Abuse is not normal and never ok.
If you are in a relationship with someone, you should feel loved, safe, respected and free to be yourself. There are different forms of abuse, but if your relationship leaves you feeling scared, intimidated or controlled, it’s possible you’re in an abusive relationship.
If you have been abused, or fear you have, it can be hard to take the first step in seeking help – especially if you have tried to talk about the issue to friends, family or professionals and have not had a response that helped you.
Abuse in a relationship can destroy your self-confidence, have a negative impact on your health and wellbeing, and leave you feeling isolated and lonely.
Signs of abuse
A partner may:
- try to pressure you into having sex by saying “if you loved me you would”
- call you names or threaten to spread rumours about you
- try to control you by checking your phone
- try to force you to do things by hitting you
- get angry when you want to spend time with your friends
There are many organisations. Your local telephone directory, Citizens Advice Bureau or the NHS services finder may have more information on local organisations.
Support for all adults
Victim Support is a charity that provides support and information to people affected by crime, including rape and sexual abuse, as a victim or a witness. The website provides details of local support branches.
Support for adults abused in childhood
Support, advice and guidance for adult survivors of any form of childhood abuse – sexual, physical or emotional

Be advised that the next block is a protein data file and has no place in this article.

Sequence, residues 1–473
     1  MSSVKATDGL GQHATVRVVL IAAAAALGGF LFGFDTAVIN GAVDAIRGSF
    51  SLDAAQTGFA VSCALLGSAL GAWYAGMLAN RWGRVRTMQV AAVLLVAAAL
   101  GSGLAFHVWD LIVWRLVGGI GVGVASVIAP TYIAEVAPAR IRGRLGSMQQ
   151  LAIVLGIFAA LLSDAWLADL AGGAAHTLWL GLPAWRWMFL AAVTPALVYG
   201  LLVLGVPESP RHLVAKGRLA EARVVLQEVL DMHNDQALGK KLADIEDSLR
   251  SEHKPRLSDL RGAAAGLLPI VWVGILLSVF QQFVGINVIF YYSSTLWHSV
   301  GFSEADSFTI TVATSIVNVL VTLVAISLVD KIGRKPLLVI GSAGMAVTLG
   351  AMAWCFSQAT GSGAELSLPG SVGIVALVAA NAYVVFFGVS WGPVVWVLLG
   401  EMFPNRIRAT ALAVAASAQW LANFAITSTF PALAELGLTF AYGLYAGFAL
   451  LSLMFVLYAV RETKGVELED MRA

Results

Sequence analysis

Support for children
helpline: 0800 1111 (24 hours)
Confidential telephone counselling service for children about any issue.
For anyone who needs advice, help or information regarding a child’s welfare and for those who want to report concerns they have about a child or young person at risk of abuse.
Parents information service: 0808 802 5544
Information for both parents and young people, including podcasts on the website and useful publications.
Support for older people
Action on Elder Abuse
helpline (UK): 0808 808 8141
Helpline for anyone concerned in any way about the abuse of older people.
Support for people with learning difficulties
Respond provides a range of services to people with learning disabilities, including both victims and perpetrators of sexual abuse. It also provides support and training for families, carers and professionals. Mental health professionals can refer people with learning difficulties who have experienced or perpetrated sexual abuse for face to face work.
Information and advice for people with a learning disability, families and carers